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Whitis, Peter R. M.D.: Home

Written by Jaime Bradley

Peter R. Whitis, M.D.


Donated by Dr. Whitis:These pins were used by Berea students
to protestsegregation in Berea during the early 1950s.

Peter R. Whitis, M.D. is a Berea College alumni, class of 1956. Dr. Whitis recently contributed a portion of his memoir, Stories I Tell Myself: A Memoir, related to his experiences as a student at Berea College, which include details concerning racial equality and reintegration in the early 1950s. He also donated a button which was used as a protest by students in the 1950s who successfully convinced the Porter Moore Drug Store on Main Street in Berea to serve Berea's African and African American students. Peter and his wife Martha, also a Berea graduate, live in Wisconsin.

Excerpts from Memoirs of Peter R. Whitis, M.D.

"I first learned about Berea and the marvelous tuition-free educational opportunity it offered when my family visited Dad's sister, my Aunt Laura and her husband Frank Long, who lived in rural Berea. Since I wanted to go to college and had no money, I applied. At the time of the application, I was a Junior in High School in Tampa. I got back a letter explaining that unfortunately I was out of the territory Berea normally served and they could not take me."

"The summer before my senior year my maternal grandparents had relocated near us in Tampa and had noticed a new drugstore opening up in their shopping area. They told me the store was hiring and I applied. I got a job as a stock boy when the store opened. I was fifteen. Everything was going fine for two weeks until the manager realized he had hired too many people and had to let some go. I was one of them. Now I had nothing. All of the summer jobs were taken. My major strength as a caddy or working around a golf course was work done by black people in Florida, and I didn’t have a ghost of a chance on any golf course. So, in desperation, having no viable alternatives, I thought of going to uncle Frank and Aunt Laura’s in Kentucky just to live with them and help them out. It wouldn’t be a job but at least I’d be doing something interesting. Little did I know that the course of my life would alter dramatically as I was setting off on my own to deal with the world—all because of a store manager’s hiring error!"

"Frank had casually said that I could come visit when I had been there the first time. When I learned that a free ride to Kentucky with one of Mom’s friends who happened to be going there, I hastily wrote Frank and left."

[Here, Peter describes the summer living in a rustic cabin near Berea, working, and locals fox hunting]

"Then Laura one day in late August said, “Why don’t you go down and apply to the Foundation School?” That was the local high school affiliated with the college. Laura thought if I could be accepted there I could get into the college.

I put on my best shirt and jeans and went in to talk with Dean Roy Walters, a short, smiling white-haired man with glasses who made me feel at ease. He talked with me about the school and I told him who I was and what I had been doing, what kind of student I was and how our family had no money for college, how I was the oldest of five boys, that I didn’t know what I wanted to be but I knew I wanted to go to college and I had always worked, how I’d spent the summer with Frank and learned lapidary work—we must have chatted for close to an hour. It was a warm day; there was an open window in this second story office and street sounds came in from the activity below. The office was unpretentious with some framed certificates on the wall, a nondescript desk, dean Walter’s tilt chair and two straight-back chairs, one of which I was occupying. I didn’t feel nervous probably because I thought my chances of getting in were nil anyway and I was just giving it one last shot. At the end of our conversation, without any school records to look at, without checking financial records, without any references, without anything but a conversation with me, a 16 year-old boy who had been living in the woods for the past three months—Dean Walters said there had been two cancellations and he would be happy to accept me into the twelfth grade of Foundation School.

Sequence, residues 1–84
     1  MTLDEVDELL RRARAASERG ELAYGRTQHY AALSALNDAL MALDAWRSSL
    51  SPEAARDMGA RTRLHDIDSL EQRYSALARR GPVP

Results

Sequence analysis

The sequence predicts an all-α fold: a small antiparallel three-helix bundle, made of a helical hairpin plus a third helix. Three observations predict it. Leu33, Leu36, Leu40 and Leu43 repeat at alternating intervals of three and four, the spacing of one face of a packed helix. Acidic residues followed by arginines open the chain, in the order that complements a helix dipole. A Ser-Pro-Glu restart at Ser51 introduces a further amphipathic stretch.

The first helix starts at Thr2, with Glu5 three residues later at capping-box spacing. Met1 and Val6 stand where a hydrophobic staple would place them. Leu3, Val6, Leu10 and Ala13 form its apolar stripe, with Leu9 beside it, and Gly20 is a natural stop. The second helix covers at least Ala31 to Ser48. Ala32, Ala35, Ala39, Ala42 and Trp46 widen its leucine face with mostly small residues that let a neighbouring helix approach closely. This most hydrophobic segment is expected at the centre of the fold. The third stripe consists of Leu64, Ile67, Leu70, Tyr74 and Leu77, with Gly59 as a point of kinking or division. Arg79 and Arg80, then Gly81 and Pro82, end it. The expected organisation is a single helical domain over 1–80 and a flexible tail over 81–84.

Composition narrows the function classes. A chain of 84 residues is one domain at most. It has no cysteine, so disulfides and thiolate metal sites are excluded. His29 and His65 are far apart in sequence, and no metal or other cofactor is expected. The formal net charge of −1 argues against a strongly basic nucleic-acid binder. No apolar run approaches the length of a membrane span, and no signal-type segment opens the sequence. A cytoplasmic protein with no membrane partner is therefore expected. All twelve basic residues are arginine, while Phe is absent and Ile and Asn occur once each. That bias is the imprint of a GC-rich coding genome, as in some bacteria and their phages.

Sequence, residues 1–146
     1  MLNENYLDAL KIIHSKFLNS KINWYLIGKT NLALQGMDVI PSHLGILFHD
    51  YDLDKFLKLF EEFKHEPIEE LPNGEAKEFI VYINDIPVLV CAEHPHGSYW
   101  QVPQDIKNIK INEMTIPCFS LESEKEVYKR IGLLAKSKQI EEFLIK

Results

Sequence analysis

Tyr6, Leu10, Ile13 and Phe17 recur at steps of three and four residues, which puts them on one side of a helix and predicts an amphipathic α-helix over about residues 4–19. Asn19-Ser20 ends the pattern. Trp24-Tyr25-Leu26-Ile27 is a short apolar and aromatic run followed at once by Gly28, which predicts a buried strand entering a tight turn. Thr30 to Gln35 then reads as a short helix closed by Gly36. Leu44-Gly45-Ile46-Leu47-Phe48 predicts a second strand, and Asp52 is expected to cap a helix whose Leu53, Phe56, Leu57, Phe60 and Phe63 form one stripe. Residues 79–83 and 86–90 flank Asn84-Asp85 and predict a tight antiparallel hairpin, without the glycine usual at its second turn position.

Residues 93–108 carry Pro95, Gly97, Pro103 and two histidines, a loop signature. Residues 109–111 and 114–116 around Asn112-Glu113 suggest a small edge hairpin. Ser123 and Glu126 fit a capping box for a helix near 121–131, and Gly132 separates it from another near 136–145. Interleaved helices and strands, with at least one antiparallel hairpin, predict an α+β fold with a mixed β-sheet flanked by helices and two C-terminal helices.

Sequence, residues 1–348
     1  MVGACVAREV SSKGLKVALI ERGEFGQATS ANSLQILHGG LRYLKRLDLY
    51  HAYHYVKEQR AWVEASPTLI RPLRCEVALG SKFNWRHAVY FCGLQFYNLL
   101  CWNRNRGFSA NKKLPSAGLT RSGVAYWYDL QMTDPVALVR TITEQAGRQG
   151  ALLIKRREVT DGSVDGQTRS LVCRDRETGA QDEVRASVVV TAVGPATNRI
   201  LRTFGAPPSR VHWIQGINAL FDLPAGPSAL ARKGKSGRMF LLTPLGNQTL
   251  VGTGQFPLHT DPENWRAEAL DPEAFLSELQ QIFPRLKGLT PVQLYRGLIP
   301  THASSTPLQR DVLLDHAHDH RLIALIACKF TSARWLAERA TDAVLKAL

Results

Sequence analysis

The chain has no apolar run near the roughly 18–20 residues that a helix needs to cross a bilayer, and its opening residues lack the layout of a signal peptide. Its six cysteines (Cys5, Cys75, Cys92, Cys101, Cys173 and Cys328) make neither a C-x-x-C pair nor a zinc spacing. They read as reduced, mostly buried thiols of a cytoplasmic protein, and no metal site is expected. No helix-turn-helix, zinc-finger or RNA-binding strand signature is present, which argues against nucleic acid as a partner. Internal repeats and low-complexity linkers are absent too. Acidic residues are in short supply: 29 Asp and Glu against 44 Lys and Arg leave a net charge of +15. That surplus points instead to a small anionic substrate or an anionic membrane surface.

I left his office floating. I could hardly believe it. Here was the education, board and room being offered and all I had to do was work in the college work program. I was elated. I had absolutely no money. My parents didn’t even know I had applied and couldn’t send me anything. The only clothes I owned I had brought in a suitcase, but it didn’t matter. I could manage all of those things. I was accepted into the high school and would get into the college if all went well. I had two weeks to get ready. Frank and Laura arranged for me to get a job those two weeks at a drugstore in town and I earned twenty dollars with which I bought some clothes. I wrote Mom and Dad. Phones were not used in those days like they are now and besides Frank didn’t have one. Their response was they were happy for me but they hadn’t planned on my leaving home so early. I was 15 when I went to Berea and had my 16th birthday with Frank and Laura that July. My parents wished me well. I was on my own.